Gympass researchers compared workers whose companies allowed them to work in their preferred setting (“matched” workers) with those whose settings were chosen for them (“unmatched”). Those who had the opportunity to choose were more productive, lower stress, better rested, and twice as likely to report being happy with their employer. But with so many companies issuing mandated office returns, that’s not the norm everywhere, and it’s creating a big gap in workplace well-being.

“When a wellness deficit grows large enough, it can drive absenteeism, a clear and complete lack of productivity,” the Gympass report reads. “But the even more widespread—and costly—result is presenteeism, where employees who are physically at work are unproductive due to illness, anxiety, or other distraction.”

Employees’ needs and wants are continuing to evolve, Gympass’s cofounder and CEO, Cesar Carvalho, told Fortune and the onus is on employers to satisfy them with strong wellness benefits and flexibility. Gympass itself boasts a flexibility policy that “embraces the benefits of in-office and remote work without mandating any set amount of days or time in the office,” he adds.

The power of choice has long been the approach most workplace experts advocate for, and it’s been the recommendation of those who study future work trends. It’s a cornerstone of policy for Annie Dean, the VP of Team Anywhere at Atlassian, a distributed work consortium at the software firm that pushes for flexible work—both in hours and location. 

Even two or three required in-office days per week are asking too much, Dean says. “Hybrid is an illusion of choice,” she told Fortune earlier this year. Any amount of mandated in-office days removes many of the benefits of distributed work for the employee “and much of the benefit for the company.” 

Even just one day of mandated in-office attendance—against employee wishes—requires people to “organize their life around the office, and companies have to pay the highest cost of real estate,” Dean pointed out. “It means you’re carrying all the costs of the old model, and can’t have any efficiencies of the new model.”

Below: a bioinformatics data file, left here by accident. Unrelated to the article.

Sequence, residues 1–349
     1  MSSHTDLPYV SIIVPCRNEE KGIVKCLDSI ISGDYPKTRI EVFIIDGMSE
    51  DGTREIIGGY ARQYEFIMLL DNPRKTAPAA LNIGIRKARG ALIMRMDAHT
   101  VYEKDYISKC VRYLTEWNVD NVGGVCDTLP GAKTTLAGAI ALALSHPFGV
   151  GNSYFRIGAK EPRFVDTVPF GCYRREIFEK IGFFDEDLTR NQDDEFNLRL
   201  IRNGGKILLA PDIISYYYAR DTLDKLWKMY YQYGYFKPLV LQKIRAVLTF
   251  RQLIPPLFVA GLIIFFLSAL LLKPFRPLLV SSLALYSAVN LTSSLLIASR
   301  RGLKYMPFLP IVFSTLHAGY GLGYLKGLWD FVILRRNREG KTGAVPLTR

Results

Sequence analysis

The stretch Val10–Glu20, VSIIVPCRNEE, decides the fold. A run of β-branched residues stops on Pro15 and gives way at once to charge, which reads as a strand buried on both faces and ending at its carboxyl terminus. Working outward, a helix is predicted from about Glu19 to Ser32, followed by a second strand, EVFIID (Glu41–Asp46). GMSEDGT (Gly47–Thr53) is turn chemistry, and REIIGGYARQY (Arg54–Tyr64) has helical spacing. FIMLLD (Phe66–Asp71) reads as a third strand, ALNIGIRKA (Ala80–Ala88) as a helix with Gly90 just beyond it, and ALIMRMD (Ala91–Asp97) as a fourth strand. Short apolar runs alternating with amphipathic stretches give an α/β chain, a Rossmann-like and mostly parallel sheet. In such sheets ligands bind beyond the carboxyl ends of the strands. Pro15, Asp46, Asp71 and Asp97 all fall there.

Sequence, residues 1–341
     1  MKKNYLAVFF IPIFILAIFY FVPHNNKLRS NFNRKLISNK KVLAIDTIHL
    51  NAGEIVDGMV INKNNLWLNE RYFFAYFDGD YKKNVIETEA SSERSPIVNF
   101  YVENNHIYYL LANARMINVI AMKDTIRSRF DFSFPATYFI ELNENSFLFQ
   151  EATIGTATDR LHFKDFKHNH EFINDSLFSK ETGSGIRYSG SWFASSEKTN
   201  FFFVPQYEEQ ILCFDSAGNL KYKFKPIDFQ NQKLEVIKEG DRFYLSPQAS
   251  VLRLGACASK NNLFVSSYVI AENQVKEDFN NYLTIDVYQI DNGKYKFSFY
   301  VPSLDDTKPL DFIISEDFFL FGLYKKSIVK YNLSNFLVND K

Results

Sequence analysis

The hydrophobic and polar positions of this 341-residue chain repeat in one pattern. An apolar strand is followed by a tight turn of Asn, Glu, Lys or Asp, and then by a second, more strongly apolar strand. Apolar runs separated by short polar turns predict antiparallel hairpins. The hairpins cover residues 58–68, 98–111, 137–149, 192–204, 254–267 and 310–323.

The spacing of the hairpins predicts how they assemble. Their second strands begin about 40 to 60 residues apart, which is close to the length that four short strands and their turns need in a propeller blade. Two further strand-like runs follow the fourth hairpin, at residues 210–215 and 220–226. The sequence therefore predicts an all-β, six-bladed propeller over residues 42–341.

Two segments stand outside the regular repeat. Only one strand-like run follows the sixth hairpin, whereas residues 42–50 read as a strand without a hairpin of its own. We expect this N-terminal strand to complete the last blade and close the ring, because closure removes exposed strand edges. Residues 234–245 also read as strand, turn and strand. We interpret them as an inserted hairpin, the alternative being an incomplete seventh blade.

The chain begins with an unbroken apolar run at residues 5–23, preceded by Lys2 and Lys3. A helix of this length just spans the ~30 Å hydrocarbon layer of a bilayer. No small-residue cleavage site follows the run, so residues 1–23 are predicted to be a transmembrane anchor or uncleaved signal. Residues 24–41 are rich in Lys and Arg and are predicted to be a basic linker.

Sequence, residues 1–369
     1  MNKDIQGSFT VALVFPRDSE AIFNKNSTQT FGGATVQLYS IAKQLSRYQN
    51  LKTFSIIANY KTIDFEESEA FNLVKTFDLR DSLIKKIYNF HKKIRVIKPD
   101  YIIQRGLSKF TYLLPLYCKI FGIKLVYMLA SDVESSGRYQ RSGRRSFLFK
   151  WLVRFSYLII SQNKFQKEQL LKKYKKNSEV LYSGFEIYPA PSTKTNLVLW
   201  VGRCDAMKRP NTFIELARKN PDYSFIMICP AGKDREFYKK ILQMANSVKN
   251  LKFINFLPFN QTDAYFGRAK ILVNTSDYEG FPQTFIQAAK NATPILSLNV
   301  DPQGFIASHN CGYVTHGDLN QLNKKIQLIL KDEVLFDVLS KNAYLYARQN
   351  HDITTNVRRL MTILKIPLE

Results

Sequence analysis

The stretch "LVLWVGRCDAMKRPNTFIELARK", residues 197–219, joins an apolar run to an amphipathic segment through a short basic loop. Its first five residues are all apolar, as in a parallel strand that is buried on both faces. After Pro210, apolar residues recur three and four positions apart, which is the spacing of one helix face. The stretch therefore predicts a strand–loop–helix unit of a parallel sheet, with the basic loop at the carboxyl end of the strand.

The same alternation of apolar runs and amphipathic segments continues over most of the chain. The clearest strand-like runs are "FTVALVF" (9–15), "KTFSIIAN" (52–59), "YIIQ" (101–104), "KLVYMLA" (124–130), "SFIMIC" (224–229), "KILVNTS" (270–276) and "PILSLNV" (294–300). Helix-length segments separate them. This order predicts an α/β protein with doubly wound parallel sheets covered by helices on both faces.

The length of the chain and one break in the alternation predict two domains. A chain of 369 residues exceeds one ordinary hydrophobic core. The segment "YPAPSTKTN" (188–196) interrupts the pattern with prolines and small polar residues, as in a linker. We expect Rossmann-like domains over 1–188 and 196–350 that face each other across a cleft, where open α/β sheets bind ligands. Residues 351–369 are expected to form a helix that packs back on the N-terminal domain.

Gympass’s findings indicate that the “push for work-life balance is fatally flawed,” writes Maxine Carrington, Chief People Officer at Northwell Health, in the report. “Our professional experiences cannot be tended to separately from our life. The futility is instantly apparent when you apply this line of thinking to any other dimension of wellness. You would not tell somebody who is sick to focus on improving their health-life balance, or somebody who is lonely to do a better job of community-life balance. We all know those experiences are what constitutes well-being itself. Occupational well-being is no different.”

That’s why allowing flexibility on a worker’s own terms is so crucial to their overall satisfaction—and performance. Most workers told Gympass that every dimension of well-being, both physical and mental, impacts their productivity at work.

Workers value their own well-being in much greater numbers these days; nearly all (93%) of Gympass’s respondents said their well-being is equally as important as their salary—a 10% jump from last year. Another figure that rose 10% year over year: was the share of workers (87%) who would consider leaving a job that doesn’t prioritize their well-being.

In fact, nearly all (96%) of respondents said going forward, they’re only going to consider companies that share their “clear emphasis on well-being.” And no, that doesn’t just mean a free subscription to the Calm app or a quiet space in the office; it means sincere, structural design that puts the employee before the work output.

In today’s day and age, prioritizing well-being and mental health is no longer optional, he added: “It’s a critical investment…companies that will be most successful in 2024 will be the ones that recognize the profound impact of wellness initiatives on employee satisfaction and productivity.”